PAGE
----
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WPC 2015 Insider Perspective

American Authors brought in most mornings with songs like the “Best Day of My Life” at the Microsoft Worldwide Partner Conference in Orlando this year. Along with 12,000 other brave and committed souls, I registered at the airport in 30 seconds and wandered out into the moist and sweltering Florida air. As usual, a lot happened at WPC this year. However, the feel good message against the backdrop of the furnace blast made it surreal.

Attendance was down by over 5,000 while the number of Microsoft partner organizations worldwide remains steady each year at somewhere north of 600,000. If there was someone else from Oklahoma, I didn’t run across them. It wasn’t a surprise as Matrixforce is one of only two Microsoft Gold Partners in the state of Oklahoma. All the other local players for 2015 have appeared to coast by paying nothing, learning nothing, and definitely not helping customers. Our small microcosm is what’s happening around the globe as technology business models shift from hocking wares to providing knowledge.

Unlike Apple or Google, over 95% of Microsoft’s revenue is through partners. The model is providing technology for partners to help customers improve the world. In other words, people helping people. It’s much different than Apple or Google. Despite having a small group of partners, neither behemoth has a partner conference. You buy direct with cold impersonal transactions and respond to the whims of a corporate giant – not a pretty picture at all.

That’s why Microsoft is riding so high nowadays. Empowering people is a better story. Add superior technology along with a smart strategy and Microsoft is poised to slingshot past competitors. Over 200 billion in cash is impressive for Apple, but the reason they’ll miss Wall Street projections is the tired one hit wonder of iPhone. As for Google, do we really need some more ads?

Instead of the normal half-dozen sessions each hour, there were almost two dozen. I still don’t understand how anyone can be in our industry and do no continuing professional education, but here are some key takeaways from the various sessions:

  • Startling Change. I saw things on stage at WPC that you would normally think of from Star Trek Next Generation. Julia White spoke to Cortana and various customer information was displayed on the screen. She then used Gigjam and circled several pieces of output and automatically pushed a new report simultaneously to several smartphone, tablet, and desktop users – while doing a video chat. There was no delay and further the format changed to match each person’s display. Hololens was also used to quickly design a racing motorcycle, apply changes from the group, and then show what it would look like in real life. Microsoft is setting a blazing pace with over 400 free feature updates to offerings like Office 365 and Azure in the last twelve months. Everywhere we look technology is disrupting traditional business with examples like Uber and Airbnb. If you feel discomfort from the dizzying pace of change, you’ll really be upset when you’re no longer relevant.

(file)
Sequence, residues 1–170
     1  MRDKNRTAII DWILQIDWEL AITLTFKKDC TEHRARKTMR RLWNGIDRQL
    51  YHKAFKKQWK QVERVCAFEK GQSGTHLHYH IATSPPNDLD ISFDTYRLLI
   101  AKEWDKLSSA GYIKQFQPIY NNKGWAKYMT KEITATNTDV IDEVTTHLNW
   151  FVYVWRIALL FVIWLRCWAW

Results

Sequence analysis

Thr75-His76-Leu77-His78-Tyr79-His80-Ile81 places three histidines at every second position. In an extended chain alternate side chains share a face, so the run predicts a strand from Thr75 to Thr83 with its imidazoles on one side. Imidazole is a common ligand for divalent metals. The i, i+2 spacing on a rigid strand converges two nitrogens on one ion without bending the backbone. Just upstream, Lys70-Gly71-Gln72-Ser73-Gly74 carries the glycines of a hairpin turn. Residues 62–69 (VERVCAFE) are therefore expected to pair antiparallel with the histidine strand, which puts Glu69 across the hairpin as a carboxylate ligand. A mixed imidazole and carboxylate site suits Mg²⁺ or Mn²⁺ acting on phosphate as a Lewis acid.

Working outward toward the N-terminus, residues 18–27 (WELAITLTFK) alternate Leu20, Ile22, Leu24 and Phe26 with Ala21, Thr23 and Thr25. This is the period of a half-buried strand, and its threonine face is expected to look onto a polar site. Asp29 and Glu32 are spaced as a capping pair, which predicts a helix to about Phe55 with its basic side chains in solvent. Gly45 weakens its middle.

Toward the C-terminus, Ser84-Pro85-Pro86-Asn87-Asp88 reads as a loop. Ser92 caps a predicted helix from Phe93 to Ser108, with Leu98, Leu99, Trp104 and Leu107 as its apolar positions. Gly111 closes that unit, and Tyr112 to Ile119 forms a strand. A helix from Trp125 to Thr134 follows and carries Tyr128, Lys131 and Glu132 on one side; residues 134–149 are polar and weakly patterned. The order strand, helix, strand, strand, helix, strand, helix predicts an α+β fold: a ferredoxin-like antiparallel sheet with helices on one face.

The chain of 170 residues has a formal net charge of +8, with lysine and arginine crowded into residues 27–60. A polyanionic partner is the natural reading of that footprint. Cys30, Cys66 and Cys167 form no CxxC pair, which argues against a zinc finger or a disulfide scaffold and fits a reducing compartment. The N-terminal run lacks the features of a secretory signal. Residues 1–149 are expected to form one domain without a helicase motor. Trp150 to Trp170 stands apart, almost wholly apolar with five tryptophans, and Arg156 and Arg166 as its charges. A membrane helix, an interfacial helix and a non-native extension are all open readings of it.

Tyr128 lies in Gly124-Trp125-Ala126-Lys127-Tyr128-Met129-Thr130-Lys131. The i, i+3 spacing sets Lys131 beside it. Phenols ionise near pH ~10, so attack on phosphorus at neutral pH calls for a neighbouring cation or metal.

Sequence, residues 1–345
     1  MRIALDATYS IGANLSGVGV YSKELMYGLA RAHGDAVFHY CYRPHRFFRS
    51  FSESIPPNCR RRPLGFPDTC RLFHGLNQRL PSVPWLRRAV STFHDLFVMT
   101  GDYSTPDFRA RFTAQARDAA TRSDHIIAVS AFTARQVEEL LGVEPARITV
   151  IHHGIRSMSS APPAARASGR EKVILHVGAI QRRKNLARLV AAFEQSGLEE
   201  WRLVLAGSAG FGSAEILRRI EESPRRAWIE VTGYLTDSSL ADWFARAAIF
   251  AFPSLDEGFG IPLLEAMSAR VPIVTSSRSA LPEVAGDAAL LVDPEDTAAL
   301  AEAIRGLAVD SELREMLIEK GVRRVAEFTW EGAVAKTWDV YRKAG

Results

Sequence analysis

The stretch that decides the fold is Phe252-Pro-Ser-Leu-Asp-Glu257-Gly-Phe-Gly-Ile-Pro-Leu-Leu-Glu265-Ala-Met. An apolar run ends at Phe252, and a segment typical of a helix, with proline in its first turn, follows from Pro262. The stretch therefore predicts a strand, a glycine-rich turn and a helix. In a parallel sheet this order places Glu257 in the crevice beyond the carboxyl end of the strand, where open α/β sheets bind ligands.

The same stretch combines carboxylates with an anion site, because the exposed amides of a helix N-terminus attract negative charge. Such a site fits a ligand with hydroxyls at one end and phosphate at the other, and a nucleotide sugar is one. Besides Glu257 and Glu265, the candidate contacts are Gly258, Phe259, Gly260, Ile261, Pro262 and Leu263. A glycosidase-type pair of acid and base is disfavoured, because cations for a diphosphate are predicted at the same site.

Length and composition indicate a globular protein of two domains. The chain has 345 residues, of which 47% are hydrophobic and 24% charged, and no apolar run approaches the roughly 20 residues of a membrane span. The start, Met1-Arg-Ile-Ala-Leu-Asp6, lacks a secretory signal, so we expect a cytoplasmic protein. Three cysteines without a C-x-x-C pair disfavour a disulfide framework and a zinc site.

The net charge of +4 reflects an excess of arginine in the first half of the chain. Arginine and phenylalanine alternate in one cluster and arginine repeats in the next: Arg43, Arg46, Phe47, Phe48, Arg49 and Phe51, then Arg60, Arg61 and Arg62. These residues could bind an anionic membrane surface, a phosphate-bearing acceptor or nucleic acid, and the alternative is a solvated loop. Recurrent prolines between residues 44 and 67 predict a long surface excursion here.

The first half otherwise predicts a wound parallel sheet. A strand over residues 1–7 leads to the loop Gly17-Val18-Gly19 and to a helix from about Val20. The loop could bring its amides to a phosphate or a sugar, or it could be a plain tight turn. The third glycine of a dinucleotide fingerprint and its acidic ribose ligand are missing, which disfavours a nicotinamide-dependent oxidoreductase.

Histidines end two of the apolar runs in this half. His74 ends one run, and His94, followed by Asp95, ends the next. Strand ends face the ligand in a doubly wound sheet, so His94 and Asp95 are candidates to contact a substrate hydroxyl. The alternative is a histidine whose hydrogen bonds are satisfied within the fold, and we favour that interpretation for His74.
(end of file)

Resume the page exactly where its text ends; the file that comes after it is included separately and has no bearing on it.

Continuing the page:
• Windows 10. Early release is scheduled for July 29, 2015 and there will be a projected 1 Billion Windows devices by 2018. The start menu is back. Security is even higher. Windows 10 works across all devices, including neat features like projecting your smartphone display to a traditional monitor and using a keyboard and mouse to work with applications on the phone. Even devices like Surface Hub will revolutionize meetings. Windows 10 is a free upgrade for registered Windows 7 & 8 customers for one year. Here’s the kicker: this is the last version of Windows, there will be nothing but Windows 10 in the future just like OS X from Apple, so if you delay upgrading you’re only hurting yourself. Microsoft is eliminating legacy islands of Windows forever and will likely follow suit with all offerings.

  • Partner Engagement. It’s great to leverage a hyper-scale infrastructure around the world, but customers want local support and just one bill. Partners most committed to customers and Microsoft will spend a half million initial cost in implementing integrated purchasing and billing systems. Microsoft spreads some risk and customers win with personalized expertise. However, another wave of product-only partners will fall out of the marketplace because of limited value proposition and lacking capital. Customers interested in the cloud should be especially cautious of any partner that does not implement this model or maintain a Gold Competency.

Not uncharacteristically, the press moved to bash Microsoft handily about cutting more jobs and posting a loss with Nokia. It’s obvious operations in Finland must have been a hot mess. Sometimes the only thing you can do in business is tear things down and start over. However, Surface dominates as iPad continues to decline. Since Google just made apps irrelevant by promoting responsive websites, you have to wonder how Apple will respond.

My focus for this WPC was again Azure and digital marketing, two things mid-sized businesses can’t afford to misunderstand. I’ll be briefing Guardian clients during CIO Reviews and if you’d like to know more about what I learned at WPC, please ask questions in the comments below.

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